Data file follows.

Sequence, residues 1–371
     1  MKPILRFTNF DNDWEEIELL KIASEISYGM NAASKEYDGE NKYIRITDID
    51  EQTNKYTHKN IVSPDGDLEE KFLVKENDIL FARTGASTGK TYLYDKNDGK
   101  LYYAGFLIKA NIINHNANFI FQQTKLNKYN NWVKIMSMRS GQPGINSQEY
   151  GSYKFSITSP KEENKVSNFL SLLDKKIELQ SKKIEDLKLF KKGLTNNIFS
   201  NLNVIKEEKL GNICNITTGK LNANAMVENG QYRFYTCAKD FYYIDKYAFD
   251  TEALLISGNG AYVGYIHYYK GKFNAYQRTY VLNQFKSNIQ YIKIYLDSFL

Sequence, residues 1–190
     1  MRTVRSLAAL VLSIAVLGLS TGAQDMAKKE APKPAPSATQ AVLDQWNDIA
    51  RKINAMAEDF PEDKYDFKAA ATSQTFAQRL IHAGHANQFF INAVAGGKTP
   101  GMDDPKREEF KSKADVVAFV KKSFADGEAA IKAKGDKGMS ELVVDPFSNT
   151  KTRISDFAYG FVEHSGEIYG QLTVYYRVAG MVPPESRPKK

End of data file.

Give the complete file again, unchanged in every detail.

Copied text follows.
Sequence, residues 1–371
     1  MKPILRFTNF DNDWEEIELL KIASEISYGM NAASKEYDGE NKYIRITDID
    51  EQTNKYTHKN IVSPDGDLEE KFLVKENDIL FARTGASTGK TYLYDKNDGK
   101  LYYAGFLIKA NIINHNANFI FQQTKLNKYN NWVKIMSMRS GQPGINSQEY
   151  GSYKFSITSP KEENKVSNFL SLLDKKIELQ SKKIEDLKLF KKGLTNNIFS
   201  NLNVIKEEKL GNICNITTGK LNANAMVENG QYRFYTCAKD FYYIDKYAFD
   251  TEALLISGNG AYVGYIHYYK GKFNAYQRTY VLNQFKSNIQ YIKIYLDSFL

Sequence, residues 1–190
     1  MRTVRSLAAL VLSIAVLGLS TGAQDMAKKE APKPAPSATQ AVLDQWNDIA
    51  RKINAMAEDF PEDKYDFKAA ATSQTFAQRL IHAGHANQFF INAVAGGKTP
   101  GMDDPKREEF KSKADVVAFV KKSFADGEAA IKAKGDKGMS ELVVDPFSNT
   151  KTRISDFAYG FVEHSGEIYG QLTVYYRVAG MVPPESRPKK